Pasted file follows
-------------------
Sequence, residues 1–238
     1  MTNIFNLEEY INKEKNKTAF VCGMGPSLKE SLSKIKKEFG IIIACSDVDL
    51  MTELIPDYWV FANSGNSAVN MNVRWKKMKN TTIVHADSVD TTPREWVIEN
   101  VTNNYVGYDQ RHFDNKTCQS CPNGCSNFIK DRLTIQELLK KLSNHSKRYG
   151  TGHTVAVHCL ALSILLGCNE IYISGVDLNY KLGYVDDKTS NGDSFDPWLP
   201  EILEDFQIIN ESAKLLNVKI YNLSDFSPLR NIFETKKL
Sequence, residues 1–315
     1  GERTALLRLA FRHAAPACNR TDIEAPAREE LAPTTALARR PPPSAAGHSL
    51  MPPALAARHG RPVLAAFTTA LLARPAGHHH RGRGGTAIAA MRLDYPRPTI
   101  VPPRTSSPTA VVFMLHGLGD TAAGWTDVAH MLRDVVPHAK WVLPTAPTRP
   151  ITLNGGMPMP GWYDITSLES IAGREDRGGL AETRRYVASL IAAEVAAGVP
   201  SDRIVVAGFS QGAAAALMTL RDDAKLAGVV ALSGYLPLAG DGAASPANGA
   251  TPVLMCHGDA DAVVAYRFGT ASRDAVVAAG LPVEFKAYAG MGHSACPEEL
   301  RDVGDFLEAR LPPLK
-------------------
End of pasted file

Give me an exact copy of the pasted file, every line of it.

Sequence, residues 1–238
     1  MTNIFNLEEY INKEKNKTAF VCGMGPSLKE SLSKIKKEFG IIIACSDVDL
    51  MTELIPDYWV FANSGNSAVN MNVRWKKMKN TTIVHADSVD TTPREWVIEN
   101  VTNNYVGYDQ RHFDNKTCQS CPNGCSNFIK DRLTIQELLK KLSNHSKRYG
   151  TGHTVAVHCL ALSILLGCNE IYISGVDLNY KLGYVDDKTS NGDSFDPWLP
   201  EILEDFQIIN ESAKLLNVKI YNLSDFSPLR NIFETKKL
Sequence, residues 1–315
     1  GERTALLRLA FRHAAPACNR TDIEAPAREE LAPTTALARR PPPSAAGHSL
    51  MPPALAARHG RPVLAAFTTA LLARPAGHHH RGRGGTAIAA MRLDYPRPTI
   101  VPPRTSSPTA VVFMLHGLGD TAAGWTDVAH MLRDVVPHAK WVLPTAPTRP
   151  ITLNGGMPMP GWYDITSLES IAGREDRGGL AETRRYVASL IAAEVAAGVP
   201  SDRIVVAGFS QGAAAALMTL RDDAKLAGVV ALSGYLPLAG DGAASPANGA
   251  TPVLMCHGDA DAVVAYRFGT ASRDAVVAAG LPVEFKAYAG MGHSACPEEL
   301  RDVGDFLEAR LPPLK